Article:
Paying employees “Under the Table.” This is the practice of paying employees in cash, without deducting taxes or reporting payments to the IRS or state and local tax authorities. When employees are paid in cash, not only does the IRS lose tax revenue, but also the employee experiences the loss or reduction of future Social Security or Medicare benefits. In these cases, a business owner might pay his employees cash and then invent false entries for his financial books, or keep two sets of books altogether ‒ one real and one fabricated. This violation may be committed by the self-employed who accept payment for their jobs in cash.
Payroll tax violations. Filing false payroll tax returns or failing to file payroll tax returns are ways of understating the amount of taxes that are owed on wages paid.
A note on home businesses and tax laws: If you run a business out of our home, you may take certain extra deductions. However, the IRS warns business owners about over-deducting their expenses, or deducting personal and family expenses as business costs. The IRS also alerts business owners to tax scams that claim they can save you money. There are “businesses from your home” scams that bend and violate tax laws under the guise of saving you money.
Corporate Tax Evasion
Corporate tax violations mirror those taken by the smaller guys. Even giant corporations under-report income, try to hide assets and income or take deductions.
Corporate tax laws may be violated by a CEO or top manager, by a smaller department or even by large groups of employees as a matter of business practice. Some corporations may even keep two sets of financial records, one full of false records to show the IRS and one that shows what’s really going on.
Specific examples of corporate tax fraud include:
- Overstating the depreciation amount on equipment
- Diverting money to false corporations, skimming payroll taxes or using money for personal expenses; this may be a form of embezzlement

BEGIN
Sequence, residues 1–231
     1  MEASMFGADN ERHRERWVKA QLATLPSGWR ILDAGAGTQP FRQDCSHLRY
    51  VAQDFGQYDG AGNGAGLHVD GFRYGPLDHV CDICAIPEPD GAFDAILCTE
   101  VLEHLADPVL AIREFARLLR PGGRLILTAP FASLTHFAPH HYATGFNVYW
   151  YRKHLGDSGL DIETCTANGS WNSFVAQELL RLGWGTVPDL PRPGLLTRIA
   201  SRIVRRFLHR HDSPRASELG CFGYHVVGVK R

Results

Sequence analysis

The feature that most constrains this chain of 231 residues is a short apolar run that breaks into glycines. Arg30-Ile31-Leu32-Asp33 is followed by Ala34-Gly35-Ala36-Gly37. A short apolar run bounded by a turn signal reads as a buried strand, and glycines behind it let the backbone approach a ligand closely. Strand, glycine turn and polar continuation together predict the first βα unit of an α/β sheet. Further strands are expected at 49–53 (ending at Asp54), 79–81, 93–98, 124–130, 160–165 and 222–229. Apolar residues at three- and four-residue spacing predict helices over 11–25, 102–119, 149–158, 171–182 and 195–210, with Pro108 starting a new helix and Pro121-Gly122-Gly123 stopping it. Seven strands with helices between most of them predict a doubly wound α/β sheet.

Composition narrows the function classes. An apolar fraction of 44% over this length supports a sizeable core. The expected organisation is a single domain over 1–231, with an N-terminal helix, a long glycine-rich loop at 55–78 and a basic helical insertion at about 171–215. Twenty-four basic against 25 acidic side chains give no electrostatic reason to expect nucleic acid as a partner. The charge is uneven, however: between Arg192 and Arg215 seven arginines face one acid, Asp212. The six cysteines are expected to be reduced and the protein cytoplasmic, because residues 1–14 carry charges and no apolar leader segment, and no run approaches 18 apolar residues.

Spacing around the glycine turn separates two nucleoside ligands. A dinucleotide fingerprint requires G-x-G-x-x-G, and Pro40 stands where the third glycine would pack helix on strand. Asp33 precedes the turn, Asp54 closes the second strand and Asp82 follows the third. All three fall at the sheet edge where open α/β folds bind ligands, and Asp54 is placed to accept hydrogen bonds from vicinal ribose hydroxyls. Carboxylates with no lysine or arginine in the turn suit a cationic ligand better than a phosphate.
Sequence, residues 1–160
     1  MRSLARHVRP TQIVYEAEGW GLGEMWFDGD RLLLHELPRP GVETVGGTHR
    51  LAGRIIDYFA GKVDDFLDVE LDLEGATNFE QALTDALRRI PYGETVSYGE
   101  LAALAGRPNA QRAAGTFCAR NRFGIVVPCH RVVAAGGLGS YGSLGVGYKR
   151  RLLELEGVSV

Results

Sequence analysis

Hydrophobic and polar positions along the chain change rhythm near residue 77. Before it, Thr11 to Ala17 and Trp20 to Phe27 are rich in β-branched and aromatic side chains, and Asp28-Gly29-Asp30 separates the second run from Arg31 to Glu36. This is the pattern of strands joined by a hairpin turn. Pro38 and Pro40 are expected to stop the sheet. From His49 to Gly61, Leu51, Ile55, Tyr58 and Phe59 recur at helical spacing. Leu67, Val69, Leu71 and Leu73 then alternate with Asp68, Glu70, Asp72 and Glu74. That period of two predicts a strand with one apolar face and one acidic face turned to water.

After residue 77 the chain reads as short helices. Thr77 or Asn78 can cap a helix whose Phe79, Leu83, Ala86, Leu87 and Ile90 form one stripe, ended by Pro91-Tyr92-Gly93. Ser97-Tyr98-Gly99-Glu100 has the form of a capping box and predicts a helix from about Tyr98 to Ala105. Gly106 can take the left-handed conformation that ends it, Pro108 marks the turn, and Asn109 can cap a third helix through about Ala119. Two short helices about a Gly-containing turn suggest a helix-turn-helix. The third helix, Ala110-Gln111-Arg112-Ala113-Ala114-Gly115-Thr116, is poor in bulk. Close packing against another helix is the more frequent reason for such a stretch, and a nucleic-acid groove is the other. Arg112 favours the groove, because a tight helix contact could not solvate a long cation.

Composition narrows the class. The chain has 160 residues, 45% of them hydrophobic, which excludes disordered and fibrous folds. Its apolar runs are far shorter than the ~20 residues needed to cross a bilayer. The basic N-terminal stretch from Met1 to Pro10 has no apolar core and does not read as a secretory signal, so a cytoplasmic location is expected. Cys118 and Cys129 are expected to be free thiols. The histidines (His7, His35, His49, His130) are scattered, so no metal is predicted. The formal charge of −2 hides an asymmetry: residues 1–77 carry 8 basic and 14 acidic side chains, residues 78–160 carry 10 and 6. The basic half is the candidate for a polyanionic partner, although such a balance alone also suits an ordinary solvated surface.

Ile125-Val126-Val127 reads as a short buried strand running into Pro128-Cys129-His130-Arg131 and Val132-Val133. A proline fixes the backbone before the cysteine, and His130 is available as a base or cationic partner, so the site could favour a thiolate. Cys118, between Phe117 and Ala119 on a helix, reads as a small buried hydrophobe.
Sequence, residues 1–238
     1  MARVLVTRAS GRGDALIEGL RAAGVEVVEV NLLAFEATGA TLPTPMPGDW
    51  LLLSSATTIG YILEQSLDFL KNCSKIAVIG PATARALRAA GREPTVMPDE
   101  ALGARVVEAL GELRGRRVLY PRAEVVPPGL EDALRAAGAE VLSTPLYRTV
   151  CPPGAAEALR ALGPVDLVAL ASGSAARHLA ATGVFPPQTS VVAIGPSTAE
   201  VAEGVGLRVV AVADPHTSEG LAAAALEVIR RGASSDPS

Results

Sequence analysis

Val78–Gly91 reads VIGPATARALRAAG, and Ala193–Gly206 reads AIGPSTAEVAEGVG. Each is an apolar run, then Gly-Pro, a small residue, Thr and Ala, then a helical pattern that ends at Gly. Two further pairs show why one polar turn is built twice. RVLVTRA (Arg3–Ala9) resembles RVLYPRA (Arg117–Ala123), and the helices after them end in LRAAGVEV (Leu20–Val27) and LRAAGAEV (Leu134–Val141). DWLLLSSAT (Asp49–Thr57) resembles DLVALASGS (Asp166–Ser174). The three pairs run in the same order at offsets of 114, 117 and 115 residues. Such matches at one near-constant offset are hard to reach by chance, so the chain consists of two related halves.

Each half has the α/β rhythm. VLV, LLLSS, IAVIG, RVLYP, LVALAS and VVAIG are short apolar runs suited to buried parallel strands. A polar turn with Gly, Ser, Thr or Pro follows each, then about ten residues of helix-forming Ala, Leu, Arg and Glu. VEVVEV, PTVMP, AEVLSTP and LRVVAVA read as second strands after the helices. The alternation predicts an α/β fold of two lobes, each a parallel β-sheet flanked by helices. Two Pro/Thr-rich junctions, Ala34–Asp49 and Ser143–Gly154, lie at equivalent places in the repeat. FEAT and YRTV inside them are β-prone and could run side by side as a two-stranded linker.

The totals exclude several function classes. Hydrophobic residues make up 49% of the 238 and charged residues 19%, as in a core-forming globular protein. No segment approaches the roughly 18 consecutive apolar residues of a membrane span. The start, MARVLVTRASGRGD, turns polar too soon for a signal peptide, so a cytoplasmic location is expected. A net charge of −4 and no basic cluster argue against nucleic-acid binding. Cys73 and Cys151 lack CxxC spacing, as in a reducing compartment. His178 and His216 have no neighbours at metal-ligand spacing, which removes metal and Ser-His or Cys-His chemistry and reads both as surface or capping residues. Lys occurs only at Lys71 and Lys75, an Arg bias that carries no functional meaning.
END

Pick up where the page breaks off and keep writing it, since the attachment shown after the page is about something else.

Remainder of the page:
- Creation of false accounting documents to cover up the use of business money for personal expenses
Depending on the situation, conspiracy charges may be added to corporate tax fraud charges.
Tax Evasion Penalties
Tax law enforcement falls to the Internal Revenue Service, although the IRS may work with other law enforcement agencies to prosecute crimes. According the IRS, typical penalties for tax evasion include up to five years in prison and up to $250,000 in fines. For businesses, the fines are greater.
Keep in mind that if you play a role in a corporation’s tax fraud efforts, you could be charged. The same is true of a tax preparer that purposefully alters tax returns, either with or without the knowledge of the filer.
To be convicted of tax fraud, there must be proof that an unpaid tax liability exists. For a jury to convict, the prosecution must also prove beyond a reasonable doubt that the defendant made a deliberate attempt or action to avoid paying the tax and had the specific intent to evade a known legal duty to pay the taxes.
Just as many people entrust their tax returns to accountants, many people turn to a defense attorney when faced with tax evasion charges. Tax laws are complex and the IRS can be tough adversary to face alone. If you’ve been charged with tax fraud, or think you may have committed a tax crime, you may want to speak with a criminal defense attorney.
Get Help with Tax Evasion Charges
If you have been accused of tax evasion or tax fraud, seek advice from a local criminal lawyer about your case. To connect with a lawyer, simply fill out our free case evaluation form or call toll-free 877-445-1059 to arrange for a free, no-obligation consultation.
The above summary of tax evasion is by no means all-inclusive and is not legal advice. Laws may have changed since our last update. For the latest information on tax evasion laws and penalties, speak to a criminal defense attorney in your area.